But when you could do so much and spend a lot of money on this, why not go the distance in terms of accessibility? It won’t cost a lot of money, just a little thought,” she points out. More could have been done to make the event more disabled-friendly, adds Smitha. “They already pay extra in terms of specialised equipment depending on their needs to get to the venue, so it would have been great if the entry fee were subsidised,” she feels.

Even transport facilities were found wanting when it came to catering to the differently-abled. “There are organisations like Vidya Sagar in Chennai with their own fleet of vehicles that meet accessibility requirements. The government could have partnered with such organisations in providing vehicles for the differently-abled,” Satish adds. Even the tourist spots nearby, he felt, could have used the opportunity to upgrade themselves to include accessibility features.

Local talents sidelined?
Also notable was a glaring absence of special games for the visually impaired. “Why not make the Olympiad an opportunity for local players with disabilities to play their hand just as a side event? When disability is taken seriously by the current government which is a welcome approach, we again see the same pattern of disability worked out in silos and not really looked at with a real inclusive approach across the board, in all domains like sports, art, culture, education, health, trade, youth, gender etc.,” she says.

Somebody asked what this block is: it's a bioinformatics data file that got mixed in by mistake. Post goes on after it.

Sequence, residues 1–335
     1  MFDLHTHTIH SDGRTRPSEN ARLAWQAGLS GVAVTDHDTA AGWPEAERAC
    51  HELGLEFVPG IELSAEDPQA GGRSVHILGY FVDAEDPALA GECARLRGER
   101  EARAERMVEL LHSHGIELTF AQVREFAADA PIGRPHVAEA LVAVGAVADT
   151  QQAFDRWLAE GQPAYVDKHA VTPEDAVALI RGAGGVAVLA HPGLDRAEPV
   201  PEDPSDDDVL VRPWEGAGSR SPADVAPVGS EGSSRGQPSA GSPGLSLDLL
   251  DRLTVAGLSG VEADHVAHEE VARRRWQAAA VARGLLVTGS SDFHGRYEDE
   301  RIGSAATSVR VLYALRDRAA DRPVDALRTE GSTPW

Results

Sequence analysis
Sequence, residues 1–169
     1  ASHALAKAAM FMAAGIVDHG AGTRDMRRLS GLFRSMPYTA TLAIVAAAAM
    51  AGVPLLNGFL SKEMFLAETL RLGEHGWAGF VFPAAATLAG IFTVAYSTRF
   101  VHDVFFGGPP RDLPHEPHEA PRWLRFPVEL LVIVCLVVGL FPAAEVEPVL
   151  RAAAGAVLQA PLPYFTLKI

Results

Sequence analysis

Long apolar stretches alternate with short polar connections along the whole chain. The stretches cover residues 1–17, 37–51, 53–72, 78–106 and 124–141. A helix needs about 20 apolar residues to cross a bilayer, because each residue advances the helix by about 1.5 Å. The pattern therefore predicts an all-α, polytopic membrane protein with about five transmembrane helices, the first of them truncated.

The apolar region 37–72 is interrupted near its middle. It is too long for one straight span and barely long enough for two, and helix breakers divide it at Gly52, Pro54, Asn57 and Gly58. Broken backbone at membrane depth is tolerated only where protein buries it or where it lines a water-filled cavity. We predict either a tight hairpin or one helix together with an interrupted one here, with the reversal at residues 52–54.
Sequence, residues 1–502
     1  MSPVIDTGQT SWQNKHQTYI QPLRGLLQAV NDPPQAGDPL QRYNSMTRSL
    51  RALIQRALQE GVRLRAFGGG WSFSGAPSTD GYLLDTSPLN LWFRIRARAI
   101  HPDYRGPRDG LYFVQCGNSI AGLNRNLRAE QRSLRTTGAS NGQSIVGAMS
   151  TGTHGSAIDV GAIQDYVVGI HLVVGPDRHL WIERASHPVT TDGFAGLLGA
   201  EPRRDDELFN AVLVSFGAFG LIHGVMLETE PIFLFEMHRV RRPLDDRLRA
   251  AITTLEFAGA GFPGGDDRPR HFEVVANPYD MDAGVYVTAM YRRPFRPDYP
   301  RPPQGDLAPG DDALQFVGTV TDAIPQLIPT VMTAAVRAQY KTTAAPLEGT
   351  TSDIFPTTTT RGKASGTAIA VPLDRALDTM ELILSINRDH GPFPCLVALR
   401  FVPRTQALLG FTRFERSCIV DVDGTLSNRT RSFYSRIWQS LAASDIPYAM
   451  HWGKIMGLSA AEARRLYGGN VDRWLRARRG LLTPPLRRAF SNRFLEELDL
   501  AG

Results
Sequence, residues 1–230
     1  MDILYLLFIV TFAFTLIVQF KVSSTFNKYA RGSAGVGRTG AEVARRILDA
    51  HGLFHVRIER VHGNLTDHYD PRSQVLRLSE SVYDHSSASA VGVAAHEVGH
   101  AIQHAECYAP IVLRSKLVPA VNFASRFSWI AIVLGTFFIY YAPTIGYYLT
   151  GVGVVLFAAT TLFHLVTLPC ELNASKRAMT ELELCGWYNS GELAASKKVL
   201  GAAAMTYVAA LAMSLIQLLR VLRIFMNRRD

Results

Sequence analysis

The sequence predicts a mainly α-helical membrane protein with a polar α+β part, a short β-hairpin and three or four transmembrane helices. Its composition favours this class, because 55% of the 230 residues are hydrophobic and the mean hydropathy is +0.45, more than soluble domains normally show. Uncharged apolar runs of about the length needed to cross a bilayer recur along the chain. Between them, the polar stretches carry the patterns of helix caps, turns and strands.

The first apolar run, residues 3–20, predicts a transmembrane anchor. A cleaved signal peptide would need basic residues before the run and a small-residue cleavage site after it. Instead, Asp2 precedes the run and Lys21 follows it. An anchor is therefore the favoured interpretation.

The invisibilisation of the PwDs, as participants and audience, in the sporting scene at large happens to be a pet peeve with Vaishnavi as well. “The country is full of cricket fans, yet it is impossible for a visually-impaired person to follow a cricket match. Radio commentaries back in the day gave a more complete picture verbally, whereas in television commentary, a lot of the visual description is left out,” she notes.

The larger picture
From chess and other sports, the idea of accessibility is one that is yet to infiltrate most areas of public life in India. Even in a five-star hotel, Vaishnavi says, one might find at best one room that is designed with persons with disabilities in mind, so a second person with a disability will have to look elsewhere for a room. “When we hold our own events, we make it a point to ask delegates registering for an event if they have any specific requirements. These are small gestures that can make a huge difference,” she adds.

Accessible transport and accessible infrastructure can make a huge difference to the PwDs; in fact, countries with accessibility in place report a thrice-fold improvement in living standards among the PwDs, Satish notes. “As a wheelchair user, I should be able to move in public without depending on someone else. The fact that I have to makes me think twice about stepping out,” he says.

Chess is the kind of game where a visually-impaired person can compete with a grandmaster like Viswanathan Anand, making it more inclusive than a lot of other games, added Balanagendran. That an event surrounding this game failed to be as inclusive came to him as a disappointment, as much as it did to other PwDs as well.